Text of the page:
Harry S Truman (there is no period after “S”) was born in Lamar, Missouri, in 1884. He grew up in Independence, and for 12 years prospered as a Missouri farmer. He went to France during World War I as a captain in the Field ...
There has been a lot of talk lately about the burdens of the Presidency. Decisions that the President has to make often affect the lives of tens of millions of people around the world, but that does not mean that they should take longer to make. Some men can make decisions and some cannot. Some men fret and delay under criticism. I used to have a saying that applies here, and I note that some people have picked it up, If you cant stand the heat, get out of the kitchen.
When contemplating General Eisenhower winning the Presidential election, Truman said, Hell sit here, and hell say, Do this! Do that! And nothing will happen. Poor Ikeit wont be a bit like the Army. Hell find it very frustrating.
You know, the greatest epitaph in the country is here in Arizona. Its in Tombstone, Ariz. , and this epitaph says, Here lies Jack Williams. He done his damndest. I think that is the greatest epitaph a man could have. Whenever a man does the best he can, then that is all he can do; and that is what your President has been trying to do for the last 3 years for this country.
The legislative job of the President is especially important to the people who have no special representatives to plead their cause before Congressand that includes the great majority. I sometimes express it by saying the President is the only lobbyist that one hundred and fifty million Americans have. The other twenty million are able to employ people to represent themand thats all right, its the exercise of the right of petitionbut someone has to look after the interests of the one hundred and fifty million that are left.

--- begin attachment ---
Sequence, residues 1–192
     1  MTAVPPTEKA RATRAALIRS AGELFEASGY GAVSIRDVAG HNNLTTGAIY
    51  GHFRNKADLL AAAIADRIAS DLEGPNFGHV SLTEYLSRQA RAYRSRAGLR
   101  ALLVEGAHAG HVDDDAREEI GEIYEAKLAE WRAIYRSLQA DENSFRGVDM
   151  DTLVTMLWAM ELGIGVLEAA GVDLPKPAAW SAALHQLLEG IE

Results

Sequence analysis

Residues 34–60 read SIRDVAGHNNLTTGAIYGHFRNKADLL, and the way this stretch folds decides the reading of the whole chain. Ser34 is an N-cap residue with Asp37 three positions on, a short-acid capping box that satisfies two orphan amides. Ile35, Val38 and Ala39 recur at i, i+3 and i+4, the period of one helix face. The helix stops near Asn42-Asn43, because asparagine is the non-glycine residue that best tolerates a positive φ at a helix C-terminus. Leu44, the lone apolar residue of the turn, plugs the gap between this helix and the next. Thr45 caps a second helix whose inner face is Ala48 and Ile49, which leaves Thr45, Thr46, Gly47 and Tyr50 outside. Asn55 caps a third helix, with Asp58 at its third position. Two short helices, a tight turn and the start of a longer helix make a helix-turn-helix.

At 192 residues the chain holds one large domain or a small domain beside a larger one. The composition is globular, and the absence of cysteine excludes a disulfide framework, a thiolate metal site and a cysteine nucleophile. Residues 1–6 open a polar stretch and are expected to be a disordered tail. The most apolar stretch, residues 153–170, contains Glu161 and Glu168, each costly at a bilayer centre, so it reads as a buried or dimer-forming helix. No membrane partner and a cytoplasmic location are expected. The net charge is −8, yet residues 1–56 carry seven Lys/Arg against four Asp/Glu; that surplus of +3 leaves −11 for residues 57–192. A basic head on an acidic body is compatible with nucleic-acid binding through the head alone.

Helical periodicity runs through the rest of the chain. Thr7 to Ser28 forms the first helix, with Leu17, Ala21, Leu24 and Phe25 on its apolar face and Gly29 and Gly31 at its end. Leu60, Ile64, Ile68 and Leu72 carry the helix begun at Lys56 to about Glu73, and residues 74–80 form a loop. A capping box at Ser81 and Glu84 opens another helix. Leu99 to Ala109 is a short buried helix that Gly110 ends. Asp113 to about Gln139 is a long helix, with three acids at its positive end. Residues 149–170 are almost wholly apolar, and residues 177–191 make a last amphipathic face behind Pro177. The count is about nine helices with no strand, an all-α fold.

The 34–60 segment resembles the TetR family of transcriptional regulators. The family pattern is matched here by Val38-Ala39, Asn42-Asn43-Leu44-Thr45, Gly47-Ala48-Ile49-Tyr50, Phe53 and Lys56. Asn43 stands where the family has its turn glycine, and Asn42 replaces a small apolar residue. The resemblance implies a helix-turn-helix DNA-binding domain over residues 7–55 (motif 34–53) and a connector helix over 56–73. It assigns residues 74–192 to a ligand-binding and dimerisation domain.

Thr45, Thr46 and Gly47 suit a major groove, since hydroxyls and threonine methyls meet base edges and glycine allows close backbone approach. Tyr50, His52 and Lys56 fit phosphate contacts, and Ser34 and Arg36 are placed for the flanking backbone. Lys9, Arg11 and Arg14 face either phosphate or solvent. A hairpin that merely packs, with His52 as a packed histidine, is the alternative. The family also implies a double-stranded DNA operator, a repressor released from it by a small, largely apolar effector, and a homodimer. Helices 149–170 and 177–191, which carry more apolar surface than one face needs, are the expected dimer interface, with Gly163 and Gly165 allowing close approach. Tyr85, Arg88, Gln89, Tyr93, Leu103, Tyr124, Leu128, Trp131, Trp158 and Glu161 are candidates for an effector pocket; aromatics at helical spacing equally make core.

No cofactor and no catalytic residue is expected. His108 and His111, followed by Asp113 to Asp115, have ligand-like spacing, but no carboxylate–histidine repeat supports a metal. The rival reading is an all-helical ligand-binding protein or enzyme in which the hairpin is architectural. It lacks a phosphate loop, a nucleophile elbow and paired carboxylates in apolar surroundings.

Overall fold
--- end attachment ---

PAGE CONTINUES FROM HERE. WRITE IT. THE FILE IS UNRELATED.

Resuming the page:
Shortly after I was elected, in Nineteen Hundred and Forty-eight, I made up my mind that I would not seek another term. I have seen a great many men in public life, and one of their besetting sins is to stay in office too long. Nowadays, in such organizations as the Army and the civil service and industry, there is compulsory retirement, but no such regulations prevail in politics. I decided that I would not be guilty of this common failing, and that I should make way for younger menand the Constitutional Amendment Number twenty-two, the two-term amendment, does not apply to me. The people responsible for the 22nd amendment thought I was not worth considering and that Id be beaten in 1948 so I was exempted.
They said we were soft, that we would not fight, that we could not win. We are not a warlike nation. We do not go to war for gain or for territory; we go to war for principles, and we produce young men like these. I think I told every one of them that I would rather have that medal, the Congressional Medal of Honor, than to be President of the United States.
On May 14 I was informed that the Provisional Government of Israel was planning to proclaim a Jewish state at midnight that day, Palestine time, which was when the British mandate came to an end. I decided to move at once and give American recognition to the new nation. I instructed a member of my staff to communicate my decision to the State Department and prepare it for transmission to Ambassador Austin at the United Nations in New York. About thirty minutes later, exactly eleven minutes after Israel had been proclaimed a state, Charlie Ross, my press secretary, handed the press the announcement of the de facto recognition by the United States of the provisional government of Israel.